The first step of the twelve steps to recovery is one of the most important steps. This is the step where you admit that you've been wrong and that you can't overcome your addiction on your own. It prepares you for the second step where you will find your higher power that you will rely on throughout your recovery process. At Recreate Life Counseling, we place great emphasis on 12-step immersion.
Our addiction recovery program focuses on each of the 12 principles of AA, and we require that each of our clients participate in daily 12-step meetings. We encourage our clients to find a sponsor while they are undergoing treatment and start working on the 12 steps. We teach our clients about the importance of each step and how the principle behind each step will end up playing a vital role in their lives. The 12 Steps describe a path to spiritual progress through a series of actions designed to bring about what The Great Book of Alcoholics Anonymous refers to as a “psychic change”: a complete mental, emotional and spiritual change in perception.
Although the 12 steps are based on spiritual principles, many non-religious people have found the program to be of great help. To take full advantage of 12-step programs, it is necessary to attend meetings and participate in recovery activities; however, as noted, attendance and participation in meetings can be limited, inconsistent, and sporadic. Bob, as a community of alcoholics working together to overcome their drinking problems, the 12 steps acted as a set of guidelines for spiritual and character development, a recovery plan. In their original form, the 12 steps came from a spiritual and Christian inspiration seeking the help of a greater power, as well as from peers suffering from the same struggles of addiction.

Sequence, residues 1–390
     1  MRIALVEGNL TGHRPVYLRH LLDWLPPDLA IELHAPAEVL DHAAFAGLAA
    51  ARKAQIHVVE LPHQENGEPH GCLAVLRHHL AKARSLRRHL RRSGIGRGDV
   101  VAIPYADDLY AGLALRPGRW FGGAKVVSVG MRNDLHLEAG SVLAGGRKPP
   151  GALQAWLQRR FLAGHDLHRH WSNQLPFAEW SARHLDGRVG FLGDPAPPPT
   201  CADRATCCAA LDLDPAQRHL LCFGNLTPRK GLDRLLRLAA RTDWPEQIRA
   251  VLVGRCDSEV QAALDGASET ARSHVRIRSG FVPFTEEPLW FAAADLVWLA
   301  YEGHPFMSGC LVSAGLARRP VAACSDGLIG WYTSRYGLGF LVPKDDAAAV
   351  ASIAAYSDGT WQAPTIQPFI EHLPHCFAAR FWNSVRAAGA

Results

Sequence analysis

As explained in the historical information from the AA site itself, the steps developed through the synthesis of concepts from some other teachings I had encountered, including a six-step program adopted by an organization called the Oxford Group. Although the original Twelve Steps of AA have been adapted over time, the premise of each step remains the same for all recovery programs that use a 12-step model. The program was successful enough in its early years for other addiction support groups to adapt the steps to their specific substance or addictive behavior. In fact, most participants find that as they grow in their recovery, they will need to review some steps or even tackle more than one step at a time.
As explained in Chapter 5, How It Works, in the book Alcoholics Anonymous, the Twelve Steps provide a suggested recovery program that worked for early AA members and continued to work through the years for many others, regardless of the type of substance they used. In addition, Women for Sobriety provides another mutually supportive recovery resource that differs from 12-step approaches in program structure, format, and philosophy (Kaskutas, 199. Recovery Centers of America fully embraces the 12 steps as an effective approach to ongoing recovery, particularly when combined with other addiction treatment methodologies, such as behavioral therapies, psychiatric care, and drug-assisted treatment (MAT) (where clinically appropriate). Others have put forward similar ideas to integrate the basic ideas of the 12 steps into a cultural framework that makes sense to members of that culture. Steps 1, 2, and 3 are considered the basis of a 12-step program and it is recommended to practice every day.